Morning Musing: Zechariah 1:8-9

“I looked out in the night and saw a man riding on a chestnut horse. He was standing among the myrtle trees in the valley. Behind him were chestnut, brown, and white horses. I asked, ‘What are these, my lord?’ The angel who was talking to me replied, ‘I will show you what they are.'” (CSB – Read the chapter)

Discipline is not fun. It’s not fun and you’d be hard pressed to find anyone who takes the opposite opinion. It certainly doesn’t appear in the Scriptures. The most explicit reference to discipline there comes from the writer of Hebrews who says it plainly: “No discipline seems enjoyable at the time, but painful.” This is doubly true when you are the one doing the disciplining and the object of your effort is your children. When the discipline is over, though, what is needed then? We get a glimpse of that here in Zechariah’s first vision.

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Morning Musing: Micah 7:18-20

“Who is a God like you, forgiving iniquity and passing over rebellion for the remnant of his inheritance? He does not hold on to his anger forever because he delights in faithful love. He will again have compassion on us; he will vanquish our iniquities. You will cast all our sins into the depths of the sea. You will show loyalty to Jacob and faithful love to Abraham, as you swore to our ancestors from days long ago.”‬‬ (CSB – Read the chapter)

When you are writing or speaking one of the things you want to keep in mind is that people will tend to remember the last thing you say better than all the rest. This means you need to make sure to save your best stuff for last. With that in mind, when reading through an individual document in the Scriptures, we do well to pay special attention to what the author saved for the end. That’s the thing he most wants us to keep in mind. So, what do we find at the end of Micah’s collection of prophecy? Let’s take a look and talk about it.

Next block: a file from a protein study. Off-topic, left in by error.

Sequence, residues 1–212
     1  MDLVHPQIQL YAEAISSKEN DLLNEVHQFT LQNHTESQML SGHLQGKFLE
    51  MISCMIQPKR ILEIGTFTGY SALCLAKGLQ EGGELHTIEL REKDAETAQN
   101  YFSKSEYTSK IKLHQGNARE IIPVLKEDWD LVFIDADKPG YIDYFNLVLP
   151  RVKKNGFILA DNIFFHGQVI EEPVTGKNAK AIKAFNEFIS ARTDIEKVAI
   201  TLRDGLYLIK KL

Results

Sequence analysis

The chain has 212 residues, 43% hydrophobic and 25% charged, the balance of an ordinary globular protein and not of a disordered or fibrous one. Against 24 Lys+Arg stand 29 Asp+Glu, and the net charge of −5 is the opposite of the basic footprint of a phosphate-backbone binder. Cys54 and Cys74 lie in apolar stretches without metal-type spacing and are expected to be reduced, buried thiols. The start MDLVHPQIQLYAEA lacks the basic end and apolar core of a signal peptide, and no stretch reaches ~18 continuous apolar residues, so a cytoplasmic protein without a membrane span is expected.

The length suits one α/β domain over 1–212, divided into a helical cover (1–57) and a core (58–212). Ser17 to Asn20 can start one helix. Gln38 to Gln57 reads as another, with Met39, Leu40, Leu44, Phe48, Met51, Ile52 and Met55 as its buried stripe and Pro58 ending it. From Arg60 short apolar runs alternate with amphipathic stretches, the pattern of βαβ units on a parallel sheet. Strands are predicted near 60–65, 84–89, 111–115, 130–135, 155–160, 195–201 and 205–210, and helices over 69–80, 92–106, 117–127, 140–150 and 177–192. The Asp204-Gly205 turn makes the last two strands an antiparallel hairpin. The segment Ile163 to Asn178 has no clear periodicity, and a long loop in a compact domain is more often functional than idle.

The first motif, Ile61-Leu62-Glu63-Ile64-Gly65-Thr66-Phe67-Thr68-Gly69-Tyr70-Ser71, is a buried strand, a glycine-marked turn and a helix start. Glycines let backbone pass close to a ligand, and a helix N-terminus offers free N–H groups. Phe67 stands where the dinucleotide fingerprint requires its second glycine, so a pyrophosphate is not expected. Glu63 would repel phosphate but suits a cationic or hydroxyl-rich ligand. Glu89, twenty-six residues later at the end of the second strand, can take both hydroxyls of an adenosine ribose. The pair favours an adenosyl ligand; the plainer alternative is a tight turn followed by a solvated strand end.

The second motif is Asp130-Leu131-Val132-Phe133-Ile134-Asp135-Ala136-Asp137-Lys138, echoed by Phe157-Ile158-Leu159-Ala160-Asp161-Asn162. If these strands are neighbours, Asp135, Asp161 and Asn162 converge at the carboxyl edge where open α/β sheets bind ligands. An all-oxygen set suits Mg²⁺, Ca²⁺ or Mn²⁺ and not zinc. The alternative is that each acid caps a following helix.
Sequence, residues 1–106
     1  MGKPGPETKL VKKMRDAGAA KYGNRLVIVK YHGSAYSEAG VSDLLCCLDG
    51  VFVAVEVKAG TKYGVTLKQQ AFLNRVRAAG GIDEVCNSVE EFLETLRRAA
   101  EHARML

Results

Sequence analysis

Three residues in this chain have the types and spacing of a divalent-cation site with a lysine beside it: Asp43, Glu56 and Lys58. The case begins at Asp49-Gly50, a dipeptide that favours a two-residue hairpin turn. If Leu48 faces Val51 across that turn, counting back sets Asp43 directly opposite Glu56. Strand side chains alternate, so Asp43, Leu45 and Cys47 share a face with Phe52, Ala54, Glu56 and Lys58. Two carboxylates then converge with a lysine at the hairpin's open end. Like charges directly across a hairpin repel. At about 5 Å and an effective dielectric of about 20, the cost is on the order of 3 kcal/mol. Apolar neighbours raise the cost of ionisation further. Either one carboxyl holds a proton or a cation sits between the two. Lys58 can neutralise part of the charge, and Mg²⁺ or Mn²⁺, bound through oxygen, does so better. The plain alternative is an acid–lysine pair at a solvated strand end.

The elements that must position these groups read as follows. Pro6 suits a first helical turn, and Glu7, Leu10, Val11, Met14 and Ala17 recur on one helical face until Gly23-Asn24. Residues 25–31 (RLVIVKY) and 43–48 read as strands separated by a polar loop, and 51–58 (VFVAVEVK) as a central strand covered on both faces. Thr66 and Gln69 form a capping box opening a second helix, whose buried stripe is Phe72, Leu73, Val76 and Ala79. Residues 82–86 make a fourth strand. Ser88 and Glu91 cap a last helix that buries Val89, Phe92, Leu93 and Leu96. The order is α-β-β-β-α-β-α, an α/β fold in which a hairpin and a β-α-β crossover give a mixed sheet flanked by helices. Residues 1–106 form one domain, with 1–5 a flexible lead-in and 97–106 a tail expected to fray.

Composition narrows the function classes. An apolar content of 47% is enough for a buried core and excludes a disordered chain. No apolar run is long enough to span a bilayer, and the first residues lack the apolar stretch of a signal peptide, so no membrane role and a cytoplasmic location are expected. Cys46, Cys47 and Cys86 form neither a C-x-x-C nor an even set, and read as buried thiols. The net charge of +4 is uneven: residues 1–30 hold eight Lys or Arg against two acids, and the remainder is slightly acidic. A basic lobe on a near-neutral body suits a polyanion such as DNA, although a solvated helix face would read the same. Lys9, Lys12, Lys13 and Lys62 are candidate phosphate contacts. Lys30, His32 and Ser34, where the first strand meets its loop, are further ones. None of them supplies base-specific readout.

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You Are Loved

In this final installment in our series, Hard to Love, we land with both feet on the biggest and most consequential truth there is: God loves you. Read on and marvel with me at how great our God is that though we didn’t want Him, He loved us still. Let this love fill you to a fullness you’ve never known before and pour out of you onto the people around you…even the ones who are hard to love.

You Are Loved

Have you ever watched somebody get something they didn’t deserve?  How’d you feel about that?  Did it inspire you?  Did it sicken you?  Were you pretty well ambivalent about it?  I would guess that most of us, depending on the exact details, would tend toward feeling inspired by such a story.  This becomes especially true when the person goes on to live up to the expectations of the gift.  Perhaps the most classic example of this is from the beloved story by Victor Hugo, Les Misérables, which Lisa and I actually got to see on stage back at the beginning of the month.  It was absolutely amazing.  The hero of the story, Jean Valjean, is set down the path of righteousness he walks all the way to the end of his life by the wildly unmerited gift of a Catholic priest.  The 2012 film adaptation starring Hugh Jackman captures this scene really well.  Take a look